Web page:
Brazos Valley Burn Bans: The following counties are under a Burn Ban: Austin, Brazos, Burleson, Grimes, Houston, Lee, Leon, Madison, Milam, Robertson, San Jacinto, Trinity, Walker, Washington
With the drought that effected the Southwest in 2011, and another that damaged the central U.S. in 2012, the upcoming report on the size of the nation’s cow herd is expected to be down yet again. In this week’s from The Ground Up, Kailey Carey tells us there’s no quick fix to the problem.
“Our numbers are down, we know here locally in the Brazos Valley, that we’ve lost tremendous numbers of cattle, you know when will they come back, and will they come back?”
Texas A&M Agrilife Extension Beef Cattle Specialist Jason Cleere says that after the worst drought on record in 2011, the biggest challenge is going to be what the future holds from the standpoint of weather.
“A lot of producers really took a big hit, to try and make it through that, and a lot of cash reserves were spent, and they’re trying to build that back up, and they’re also a little bit cautious about what the weather will be over the next few years.”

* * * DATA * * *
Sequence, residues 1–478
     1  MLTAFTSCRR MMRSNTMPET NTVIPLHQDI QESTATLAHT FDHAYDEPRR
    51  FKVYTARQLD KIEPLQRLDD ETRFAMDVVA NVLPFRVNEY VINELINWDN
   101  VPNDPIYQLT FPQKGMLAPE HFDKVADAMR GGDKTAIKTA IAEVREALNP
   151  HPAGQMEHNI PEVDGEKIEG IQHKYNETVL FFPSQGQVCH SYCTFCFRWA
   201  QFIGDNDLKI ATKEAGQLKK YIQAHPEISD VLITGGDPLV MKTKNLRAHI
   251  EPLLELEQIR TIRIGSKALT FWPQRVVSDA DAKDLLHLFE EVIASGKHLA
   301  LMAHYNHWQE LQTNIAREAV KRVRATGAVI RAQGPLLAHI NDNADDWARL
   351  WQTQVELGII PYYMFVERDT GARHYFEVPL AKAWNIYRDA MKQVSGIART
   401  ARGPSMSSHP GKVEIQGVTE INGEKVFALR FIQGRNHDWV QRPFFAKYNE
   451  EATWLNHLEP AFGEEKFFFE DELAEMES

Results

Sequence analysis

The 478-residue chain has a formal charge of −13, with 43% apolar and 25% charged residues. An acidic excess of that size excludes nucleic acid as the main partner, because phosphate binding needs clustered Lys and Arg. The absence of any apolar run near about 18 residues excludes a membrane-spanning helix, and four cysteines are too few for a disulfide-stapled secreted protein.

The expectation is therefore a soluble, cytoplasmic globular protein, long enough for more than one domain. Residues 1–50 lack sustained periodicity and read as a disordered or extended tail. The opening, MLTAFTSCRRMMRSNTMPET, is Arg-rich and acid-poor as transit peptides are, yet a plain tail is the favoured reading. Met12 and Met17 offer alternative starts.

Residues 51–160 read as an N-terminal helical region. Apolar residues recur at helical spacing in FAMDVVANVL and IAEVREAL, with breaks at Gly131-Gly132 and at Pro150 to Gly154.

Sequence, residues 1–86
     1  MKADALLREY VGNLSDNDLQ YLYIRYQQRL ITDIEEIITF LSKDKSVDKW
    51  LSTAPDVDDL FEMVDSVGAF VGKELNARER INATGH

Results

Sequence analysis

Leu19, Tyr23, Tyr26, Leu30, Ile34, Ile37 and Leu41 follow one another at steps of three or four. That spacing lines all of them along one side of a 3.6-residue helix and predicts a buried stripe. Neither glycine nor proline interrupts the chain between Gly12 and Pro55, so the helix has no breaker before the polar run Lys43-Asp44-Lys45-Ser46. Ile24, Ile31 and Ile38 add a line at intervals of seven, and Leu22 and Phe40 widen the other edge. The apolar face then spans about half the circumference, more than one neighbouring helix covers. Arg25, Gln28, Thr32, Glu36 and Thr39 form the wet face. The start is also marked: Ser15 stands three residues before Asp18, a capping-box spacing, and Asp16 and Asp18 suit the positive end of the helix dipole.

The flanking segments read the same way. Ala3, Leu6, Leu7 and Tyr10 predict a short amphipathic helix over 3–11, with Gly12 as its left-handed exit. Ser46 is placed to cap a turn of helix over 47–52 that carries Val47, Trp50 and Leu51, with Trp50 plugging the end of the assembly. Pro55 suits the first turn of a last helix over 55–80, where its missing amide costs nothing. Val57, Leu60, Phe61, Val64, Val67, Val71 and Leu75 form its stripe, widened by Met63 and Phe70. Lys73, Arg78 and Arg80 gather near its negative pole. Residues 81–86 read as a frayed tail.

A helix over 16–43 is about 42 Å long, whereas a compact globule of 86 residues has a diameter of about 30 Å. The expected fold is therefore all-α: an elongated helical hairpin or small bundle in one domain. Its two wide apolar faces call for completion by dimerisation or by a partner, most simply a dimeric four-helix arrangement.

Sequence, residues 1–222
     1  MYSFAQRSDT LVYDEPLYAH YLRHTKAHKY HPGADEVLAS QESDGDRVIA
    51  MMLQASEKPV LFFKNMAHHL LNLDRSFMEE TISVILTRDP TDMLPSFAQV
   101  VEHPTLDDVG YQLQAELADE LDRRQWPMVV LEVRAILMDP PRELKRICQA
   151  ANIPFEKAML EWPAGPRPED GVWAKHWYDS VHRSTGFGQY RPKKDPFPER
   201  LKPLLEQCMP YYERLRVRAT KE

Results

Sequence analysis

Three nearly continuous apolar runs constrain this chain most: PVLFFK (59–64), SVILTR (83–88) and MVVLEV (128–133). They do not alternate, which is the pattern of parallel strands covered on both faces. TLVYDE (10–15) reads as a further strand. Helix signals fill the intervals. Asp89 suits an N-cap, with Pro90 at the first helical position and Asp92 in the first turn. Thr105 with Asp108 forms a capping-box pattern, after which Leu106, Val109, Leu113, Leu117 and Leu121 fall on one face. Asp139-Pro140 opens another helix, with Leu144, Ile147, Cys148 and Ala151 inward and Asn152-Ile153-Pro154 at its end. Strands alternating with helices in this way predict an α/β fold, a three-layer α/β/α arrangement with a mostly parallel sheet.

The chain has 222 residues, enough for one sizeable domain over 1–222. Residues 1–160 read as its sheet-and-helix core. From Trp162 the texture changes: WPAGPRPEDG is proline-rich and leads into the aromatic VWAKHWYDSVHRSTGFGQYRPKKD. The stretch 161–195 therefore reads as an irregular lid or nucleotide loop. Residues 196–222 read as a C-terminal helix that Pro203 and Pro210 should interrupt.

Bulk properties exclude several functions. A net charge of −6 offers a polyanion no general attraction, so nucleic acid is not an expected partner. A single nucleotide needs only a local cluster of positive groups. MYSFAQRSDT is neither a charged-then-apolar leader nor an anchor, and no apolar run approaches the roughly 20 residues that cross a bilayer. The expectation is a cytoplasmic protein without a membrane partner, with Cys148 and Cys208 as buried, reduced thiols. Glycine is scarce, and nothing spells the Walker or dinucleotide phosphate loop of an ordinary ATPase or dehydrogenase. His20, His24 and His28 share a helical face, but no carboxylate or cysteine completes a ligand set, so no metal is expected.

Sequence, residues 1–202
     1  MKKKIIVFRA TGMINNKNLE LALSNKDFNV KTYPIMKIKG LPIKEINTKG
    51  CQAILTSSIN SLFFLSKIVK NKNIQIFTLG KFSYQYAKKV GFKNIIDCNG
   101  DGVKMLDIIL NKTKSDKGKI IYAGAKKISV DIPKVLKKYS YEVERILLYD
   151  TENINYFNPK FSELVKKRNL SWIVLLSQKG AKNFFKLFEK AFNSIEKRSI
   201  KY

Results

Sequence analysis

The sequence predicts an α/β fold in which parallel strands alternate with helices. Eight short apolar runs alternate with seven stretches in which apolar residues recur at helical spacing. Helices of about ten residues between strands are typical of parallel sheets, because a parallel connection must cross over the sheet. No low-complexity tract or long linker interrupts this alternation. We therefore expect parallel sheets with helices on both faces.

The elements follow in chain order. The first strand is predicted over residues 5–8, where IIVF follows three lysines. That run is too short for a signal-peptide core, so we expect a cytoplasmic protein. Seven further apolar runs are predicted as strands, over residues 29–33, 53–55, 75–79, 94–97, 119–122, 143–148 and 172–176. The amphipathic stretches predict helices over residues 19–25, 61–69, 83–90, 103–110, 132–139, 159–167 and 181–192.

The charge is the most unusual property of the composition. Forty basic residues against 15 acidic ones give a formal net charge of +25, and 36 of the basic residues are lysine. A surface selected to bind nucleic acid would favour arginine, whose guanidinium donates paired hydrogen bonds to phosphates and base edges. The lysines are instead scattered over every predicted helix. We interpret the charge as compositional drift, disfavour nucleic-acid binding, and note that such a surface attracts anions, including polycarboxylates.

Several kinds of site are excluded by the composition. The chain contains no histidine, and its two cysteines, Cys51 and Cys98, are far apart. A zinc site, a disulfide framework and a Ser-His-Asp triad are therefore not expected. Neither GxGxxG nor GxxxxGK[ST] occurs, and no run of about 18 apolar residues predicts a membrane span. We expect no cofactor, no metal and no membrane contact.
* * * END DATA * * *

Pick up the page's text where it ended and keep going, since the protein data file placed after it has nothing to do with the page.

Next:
Cleere says that even though 2012 was a much better year in terms of rainfall, rebuilding takes time.
“The question is when do we rebuild, and I think we need to have a number of fairly normal rainfall years where we continue the forage recovery, and producers become a little more confident in what the forage production will be because we get some rainfall. If they do that, then we can begin to add more numbers out there with a little more confidence.”
There are no changes that can be made that will quickly impact the amount of beef that is being produced.
“If we keep a replacement heifer today, it’s going to be another two years before she essentially can contribute to the production of our system, and so in the beef industry we’re looking long term out, and in reality, we’re probably another three to five years before we really see some numbers to come back.”
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